Around the 0:24 mark is when he pulls up beside me. I was giving him a sarcastic thumbs up as he approached. When I glanced over, he wasn’t holding up a thumb to me, it was a gun. As soon as it registered in my brain, I flinched pretty hard. In the video, this moment happens just after 0:24 when I swerve into the turn lane. He slowed down and I kept going, and it was over.

Wow. This was an intense moment that took a while to come down from. I clearly should’ve let it go way before it got to that level, I mean, this could’ve changed the rest of my life. He would be so stupid to have actually used his gun, but there are plenty of stupid people in the world, and he very easily could’ve pulled the trigger. He’s already familiar with how it feels to be a low life, so why would I assume he has any sense at all?

I’m thankful nothing worse happened, and I’ll definitely be thinking twice the next time I feel like it’s my duty to antagonize someone like this.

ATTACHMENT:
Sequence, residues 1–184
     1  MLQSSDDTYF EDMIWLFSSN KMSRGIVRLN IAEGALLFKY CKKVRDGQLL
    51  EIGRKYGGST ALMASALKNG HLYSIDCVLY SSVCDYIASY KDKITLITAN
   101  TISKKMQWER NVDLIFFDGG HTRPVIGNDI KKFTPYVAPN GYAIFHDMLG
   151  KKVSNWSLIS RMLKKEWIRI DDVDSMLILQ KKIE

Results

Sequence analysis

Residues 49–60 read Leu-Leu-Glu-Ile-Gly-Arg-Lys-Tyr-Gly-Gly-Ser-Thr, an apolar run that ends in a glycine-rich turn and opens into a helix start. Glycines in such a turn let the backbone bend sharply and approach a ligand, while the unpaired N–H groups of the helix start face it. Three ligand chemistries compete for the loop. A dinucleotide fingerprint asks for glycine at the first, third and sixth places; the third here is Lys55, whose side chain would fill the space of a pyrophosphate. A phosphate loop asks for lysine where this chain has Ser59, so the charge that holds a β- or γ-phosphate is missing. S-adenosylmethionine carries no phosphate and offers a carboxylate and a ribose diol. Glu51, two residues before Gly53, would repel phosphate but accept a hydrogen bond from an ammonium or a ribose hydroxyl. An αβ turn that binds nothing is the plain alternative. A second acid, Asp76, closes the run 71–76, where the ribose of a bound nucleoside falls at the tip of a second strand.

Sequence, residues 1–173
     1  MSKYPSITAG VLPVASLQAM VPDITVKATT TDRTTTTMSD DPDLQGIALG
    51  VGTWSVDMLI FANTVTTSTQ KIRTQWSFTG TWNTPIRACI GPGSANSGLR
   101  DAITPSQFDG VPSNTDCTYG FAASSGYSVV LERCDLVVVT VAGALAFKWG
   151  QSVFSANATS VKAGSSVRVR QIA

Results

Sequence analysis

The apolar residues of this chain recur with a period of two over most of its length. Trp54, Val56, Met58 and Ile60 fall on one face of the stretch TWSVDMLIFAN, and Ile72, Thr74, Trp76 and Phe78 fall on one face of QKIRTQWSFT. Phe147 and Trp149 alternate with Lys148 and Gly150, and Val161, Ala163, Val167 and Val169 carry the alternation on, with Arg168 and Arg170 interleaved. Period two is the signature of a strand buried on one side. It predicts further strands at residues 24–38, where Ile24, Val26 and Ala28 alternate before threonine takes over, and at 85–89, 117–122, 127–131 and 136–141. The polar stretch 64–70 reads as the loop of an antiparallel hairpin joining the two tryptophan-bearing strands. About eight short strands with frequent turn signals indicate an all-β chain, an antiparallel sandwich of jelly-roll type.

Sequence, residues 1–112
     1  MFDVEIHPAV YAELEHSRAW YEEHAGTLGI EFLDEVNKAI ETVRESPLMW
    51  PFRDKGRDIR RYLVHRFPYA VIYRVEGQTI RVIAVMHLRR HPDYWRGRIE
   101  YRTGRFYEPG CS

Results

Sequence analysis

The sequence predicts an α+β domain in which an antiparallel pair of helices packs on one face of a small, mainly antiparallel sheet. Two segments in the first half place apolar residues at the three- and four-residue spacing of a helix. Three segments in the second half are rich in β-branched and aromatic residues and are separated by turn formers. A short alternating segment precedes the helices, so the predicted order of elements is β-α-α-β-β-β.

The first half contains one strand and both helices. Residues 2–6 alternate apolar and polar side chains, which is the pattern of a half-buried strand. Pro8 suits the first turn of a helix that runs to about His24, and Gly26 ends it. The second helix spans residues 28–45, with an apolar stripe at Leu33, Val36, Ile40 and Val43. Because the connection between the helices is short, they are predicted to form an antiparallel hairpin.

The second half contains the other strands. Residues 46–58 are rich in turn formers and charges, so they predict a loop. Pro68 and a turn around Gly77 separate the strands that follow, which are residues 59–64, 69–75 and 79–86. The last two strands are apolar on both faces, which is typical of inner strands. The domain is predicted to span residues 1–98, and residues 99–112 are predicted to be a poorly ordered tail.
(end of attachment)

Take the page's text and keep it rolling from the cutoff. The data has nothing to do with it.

-Out of the Wilderness

dinner at Hai Woon Dai Korean Restaurant, Nashville, TN

Last night a friend of mine and I met up for a Korean dinner. We’ve been to this restaurant before; for a Thanksgiving meal, in fact. Hai Woon Dai Korean Restaurant is tucked away near a random intersection in south Nashville and so far, my friend and I both agree it features big portions, many side dishes (included with your meal) and you’ll either leave very full, or with a “to go” box. The side dishes have a variety of food, from spicy broccoli to square-cut potatoes to seasoned tofu.